It is to be deeply regretted that plagiarism has become common practice among some students at graduate and postgraduate levels, and a warning against it is now almost obligatory in every institution of higher education.

Plagiarism is an offence to your lecturer, to your fellow students, and to the profession. Plagiarism means taking over someone’s words or ideas and presenting them as if they were your own. This amounts to stealing, and no argument of the type ‘Gosh, I didn’t realize this was supposed to be unacceptable’ or ‘How the heck did your watch end up in my pocket?’ will wash. Stealing is both unethical and unlawful, and it is penalized in most British and North-American universities with very low grades, failure, or even expulsion. Be assured that, in this MA programme, such practices will meet with the response they deserve: a 0 grade, plus publication of the felony at departmental, faculty and university levels.

If you quote, the quote must be scrupulously accurate, and must be accompanied by a detailed source reference. If you paraphrase or summarize someone’s words or ideas, the paraphrase or summary must be accurate, and the source must be scrupulously indicated. In every case the full reference must be given in the appropriate bibliography.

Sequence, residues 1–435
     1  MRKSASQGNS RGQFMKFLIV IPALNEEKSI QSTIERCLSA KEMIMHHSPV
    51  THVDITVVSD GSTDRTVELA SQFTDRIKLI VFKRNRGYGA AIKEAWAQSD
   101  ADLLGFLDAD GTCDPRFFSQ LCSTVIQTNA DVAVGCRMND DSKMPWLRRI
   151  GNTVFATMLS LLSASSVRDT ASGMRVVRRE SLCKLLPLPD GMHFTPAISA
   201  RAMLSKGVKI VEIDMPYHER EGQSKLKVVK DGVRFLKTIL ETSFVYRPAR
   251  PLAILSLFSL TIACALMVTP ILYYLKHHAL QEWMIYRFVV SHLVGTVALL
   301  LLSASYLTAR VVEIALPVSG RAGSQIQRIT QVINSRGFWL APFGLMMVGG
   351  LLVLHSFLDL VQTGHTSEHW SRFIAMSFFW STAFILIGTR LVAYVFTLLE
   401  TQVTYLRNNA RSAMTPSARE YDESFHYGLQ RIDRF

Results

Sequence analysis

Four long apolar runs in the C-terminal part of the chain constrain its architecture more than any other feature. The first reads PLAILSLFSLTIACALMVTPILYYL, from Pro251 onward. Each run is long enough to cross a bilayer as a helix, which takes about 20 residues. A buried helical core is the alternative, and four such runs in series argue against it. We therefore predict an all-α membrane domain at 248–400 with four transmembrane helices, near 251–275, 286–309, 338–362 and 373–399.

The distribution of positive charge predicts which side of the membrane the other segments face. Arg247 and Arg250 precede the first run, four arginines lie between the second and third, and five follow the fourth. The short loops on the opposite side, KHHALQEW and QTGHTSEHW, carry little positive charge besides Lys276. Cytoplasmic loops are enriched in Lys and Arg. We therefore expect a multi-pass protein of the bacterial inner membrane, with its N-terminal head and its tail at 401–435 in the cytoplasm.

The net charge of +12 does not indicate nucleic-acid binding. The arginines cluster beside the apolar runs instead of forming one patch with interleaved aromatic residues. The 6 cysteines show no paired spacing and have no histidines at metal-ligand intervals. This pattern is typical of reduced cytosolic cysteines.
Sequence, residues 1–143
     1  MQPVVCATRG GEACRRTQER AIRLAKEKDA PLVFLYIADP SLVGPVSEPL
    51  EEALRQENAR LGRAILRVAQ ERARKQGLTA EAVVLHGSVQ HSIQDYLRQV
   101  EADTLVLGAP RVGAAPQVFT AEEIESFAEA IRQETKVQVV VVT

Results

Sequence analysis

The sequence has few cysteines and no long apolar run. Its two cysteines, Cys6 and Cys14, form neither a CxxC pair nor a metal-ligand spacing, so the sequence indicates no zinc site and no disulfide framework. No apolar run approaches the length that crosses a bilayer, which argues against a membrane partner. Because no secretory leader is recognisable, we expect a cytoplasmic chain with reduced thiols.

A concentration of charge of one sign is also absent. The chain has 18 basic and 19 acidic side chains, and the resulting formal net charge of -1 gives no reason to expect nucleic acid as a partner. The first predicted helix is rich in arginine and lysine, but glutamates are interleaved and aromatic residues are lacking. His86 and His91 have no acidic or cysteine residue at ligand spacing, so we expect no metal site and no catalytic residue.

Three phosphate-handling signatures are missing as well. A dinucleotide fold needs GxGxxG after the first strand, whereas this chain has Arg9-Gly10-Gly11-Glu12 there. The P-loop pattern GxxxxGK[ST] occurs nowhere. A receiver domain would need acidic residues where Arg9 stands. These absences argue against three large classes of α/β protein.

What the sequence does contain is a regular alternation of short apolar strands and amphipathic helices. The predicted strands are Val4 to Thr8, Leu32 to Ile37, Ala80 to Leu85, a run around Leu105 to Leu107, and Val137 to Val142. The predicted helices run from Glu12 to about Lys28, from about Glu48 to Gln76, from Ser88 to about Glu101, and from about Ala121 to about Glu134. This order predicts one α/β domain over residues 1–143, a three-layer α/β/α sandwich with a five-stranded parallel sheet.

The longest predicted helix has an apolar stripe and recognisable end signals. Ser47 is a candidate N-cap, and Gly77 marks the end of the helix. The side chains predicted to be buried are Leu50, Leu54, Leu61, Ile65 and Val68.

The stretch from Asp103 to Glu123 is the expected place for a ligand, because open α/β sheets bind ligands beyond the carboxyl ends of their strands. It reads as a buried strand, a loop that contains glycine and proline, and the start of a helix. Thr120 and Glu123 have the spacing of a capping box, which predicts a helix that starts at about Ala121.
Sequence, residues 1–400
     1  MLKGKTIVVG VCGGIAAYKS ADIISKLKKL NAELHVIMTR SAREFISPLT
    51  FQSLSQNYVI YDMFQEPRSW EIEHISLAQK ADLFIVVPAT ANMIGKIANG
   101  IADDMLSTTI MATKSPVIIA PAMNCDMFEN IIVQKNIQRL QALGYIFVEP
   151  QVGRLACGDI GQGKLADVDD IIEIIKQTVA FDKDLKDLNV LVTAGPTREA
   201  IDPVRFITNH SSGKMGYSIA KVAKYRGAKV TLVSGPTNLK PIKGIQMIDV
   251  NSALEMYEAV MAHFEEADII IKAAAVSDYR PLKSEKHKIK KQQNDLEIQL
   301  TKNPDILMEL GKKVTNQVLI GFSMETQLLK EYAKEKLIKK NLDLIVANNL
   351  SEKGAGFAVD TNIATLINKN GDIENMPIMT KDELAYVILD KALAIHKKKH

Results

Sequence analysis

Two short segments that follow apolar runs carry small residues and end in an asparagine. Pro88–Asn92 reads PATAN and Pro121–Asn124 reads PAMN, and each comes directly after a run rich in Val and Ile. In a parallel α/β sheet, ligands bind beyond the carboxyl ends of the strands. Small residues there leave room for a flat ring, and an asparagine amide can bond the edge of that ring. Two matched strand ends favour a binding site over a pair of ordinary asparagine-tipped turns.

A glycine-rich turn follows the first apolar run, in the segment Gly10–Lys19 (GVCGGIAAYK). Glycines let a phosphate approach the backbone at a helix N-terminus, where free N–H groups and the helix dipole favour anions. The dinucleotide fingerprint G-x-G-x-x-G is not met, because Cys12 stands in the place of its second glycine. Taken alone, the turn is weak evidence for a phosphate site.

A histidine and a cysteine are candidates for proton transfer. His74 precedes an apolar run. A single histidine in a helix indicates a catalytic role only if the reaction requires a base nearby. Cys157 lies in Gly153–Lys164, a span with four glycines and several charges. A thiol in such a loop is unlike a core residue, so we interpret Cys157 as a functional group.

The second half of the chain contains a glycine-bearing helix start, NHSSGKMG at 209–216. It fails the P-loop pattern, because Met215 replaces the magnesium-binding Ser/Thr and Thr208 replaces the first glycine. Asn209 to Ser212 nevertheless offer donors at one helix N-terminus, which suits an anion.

If your essay or a part of it looks significantly like another source; if this source was public before the writing of yours; and if it is reasonable to suppose that you could have read it (e.g., because it was included in course materials; or because it was in the library; or because it was easily accessible on the Internet)—then, either you copied from it without acknowledgment, or you were not aware of its existence. In the first case you plagiarized; in the second you ignored basic material of easy access. In these cases you are guilty either of a serious breach of authorial rights and etiquette or of serious neglect through carelessness and, more often than not, intellectual laziness.

Many people see no way out of this dilemma: ‘So if I use it it’s wrong, and if I don’t use it’s a mistake’. The formulation is faulty, and the solution simple: you should USE the source, AND provide full acknowledgment.

Here is an example of the proper use of a reference in the body of your text: (Campbell 1949: 23). This means that your source is page 23 of a work by someone called Campbell published in 1949. Obviously this is not enough. If readers are to check the accuracy and context of your quotation, summary etc. (and they very well may), they must have the FULL REFERENCE in the Bibliography:

CAMPBELL, Joseph 1949. The Hero with a Thousand Faces.

London: Fontana Press 1993.

For details about ways of referencing you may consult M. Aguirre & C. Farrell 2007 ‘A Style Guide for Research Students in English Literature’